FDA creates Coronavirus Treatment Acceleration Program to speed COVID-19 therapy development

Hogan Lovells

Hogan Lovells

The U.S. Food and Drug Administration (FDA) on March 31 announced the establishment of a special emergency program to help speed actions on possible COVID-19 therapies. The Coronavirus Treatment Acceleration Program (CTAP) is intended to promote collaboration between FDA, companies, scientists, and doctors to “bring new therapies to sick patients as quickly as possible, while at the same time supporting research to further evaluate whether these medical countermeasures are safe and effective for treating patients infected with this novel virus.” One key element of the new program is FDA’s commitment to significantly expedited review and response times. Although it’s impossible to know the real-world impact, given the variations in facts and ever-changing environment, this announcement should be expected to provide processes that are clearer and faster progress for COVID-19 products.

Explaining the agency’s perspective and goals, FDA Commissioner Stephen Hahn said,“We want to help patients by expediting promising treatments and are committed to maximizing our regulatory flexibility and proactively bringing the best innovators together to ensure we are getting the right treatments to the right patients at the right time.” Examples of what FDA is doing as part of the CTAP include:

  • Providing ultra-rapid protocol review and interactive input on development plans – within 24 hours of submission, in many cases.
  • Completing review of single patient expanded access requests around-the-clock – and generally within 3 hours.
  • Working closely with applicants and other regulatory agencies to expedite quality assessments for products to treat COVID-19 patients and to transfer manufacturing to alternative or new sites to avoid supply disruption.
  • Advancing relationships with partners in the public and private sectors to rapidly collect and analyze information from different real-world data sources and clinical studies in areas such as illness patterns and treatment outcomes.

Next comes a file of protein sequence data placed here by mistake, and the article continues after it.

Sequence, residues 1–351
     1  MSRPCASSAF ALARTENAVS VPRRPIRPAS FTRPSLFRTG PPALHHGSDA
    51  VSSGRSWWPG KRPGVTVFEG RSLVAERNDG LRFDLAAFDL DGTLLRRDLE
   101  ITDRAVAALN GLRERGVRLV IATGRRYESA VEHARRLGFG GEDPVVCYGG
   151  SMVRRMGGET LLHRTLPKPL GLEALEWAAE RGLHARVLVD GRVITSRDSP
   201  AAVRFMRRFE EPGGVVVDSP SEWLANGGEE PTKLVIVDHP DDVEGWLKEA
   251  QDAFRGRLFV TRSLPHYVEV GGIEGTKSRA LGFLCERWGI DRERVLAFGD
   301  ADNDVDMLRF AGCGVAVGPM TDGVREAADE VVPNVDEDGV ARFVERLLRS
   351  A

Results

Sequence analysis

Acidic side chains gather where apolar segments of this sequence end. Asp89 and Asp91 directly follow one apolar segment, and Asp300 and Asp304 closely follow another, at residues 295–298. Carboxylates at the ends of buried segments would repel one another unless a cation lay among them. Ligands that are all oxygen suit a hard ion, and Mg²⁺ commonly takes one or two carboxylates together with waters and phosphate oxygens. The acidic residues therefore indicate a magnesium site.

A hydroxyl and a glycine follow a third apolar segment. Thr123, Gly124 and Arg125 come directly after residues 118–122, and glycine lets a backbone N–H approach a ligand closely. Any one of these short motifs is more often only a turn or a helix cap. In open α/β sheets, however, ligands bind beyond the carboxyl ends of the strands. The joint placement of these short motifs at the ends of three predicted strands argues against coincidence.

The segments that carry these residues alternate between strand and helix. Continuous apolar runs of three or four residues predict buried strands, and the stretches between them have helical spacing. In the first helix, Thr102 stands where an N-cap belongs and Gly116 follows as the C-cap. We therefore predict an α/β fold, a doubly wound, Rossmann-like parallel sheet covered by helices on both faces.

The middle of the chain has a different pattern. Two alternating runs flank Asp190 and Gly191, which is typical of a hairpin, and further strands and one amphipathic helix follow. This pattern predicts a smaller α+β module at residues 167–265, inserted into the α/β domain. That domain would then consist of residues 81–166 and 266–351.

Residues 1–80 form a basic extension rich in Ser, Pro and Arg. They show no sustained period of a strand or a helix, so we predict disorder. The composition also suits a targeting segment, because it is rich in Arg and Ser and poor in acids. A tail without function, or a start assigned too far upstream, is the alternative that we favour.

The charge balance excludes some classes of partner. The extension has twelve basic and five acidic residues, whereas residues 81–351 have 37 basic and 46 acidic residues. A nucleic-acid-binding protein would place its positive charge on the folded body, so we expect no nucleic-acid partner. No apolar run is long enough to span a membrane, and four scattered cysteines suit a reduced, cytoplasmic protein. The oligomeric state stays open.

According to the agency, its efforts to expedite have led to there being 10 therapeutic agents in active trials and 15 more in planning stages.

Essential to the program’s success is FDA’s commitment to:

  • Redeploy medical and regulatory staff to dedicated COVID-19 review teams.
  • Redeploy medical, operations, and policy staff to support the overall effort.
  • Involve senior management in review of submissions.
  • Streamline processes and operations for developers and scientists to send the agency inquiries and requests.
  • Provide resources to health care providers and researchers to help them submit emergency requests to use investigational products for patients with COVID-19 infections.

Of note, FDA stated that they will continue to enhance and expand the CTAP, and will share information with the public, including summaries of drugs in clinical and preclinical development, to the extent allowed under confidentiality laws.

[View source.]

DISCLAIMER: Because of the generality of this update, the information provided herein may not be applicable in all situations and should not be acted upon without specific legal advice based on particular situations.

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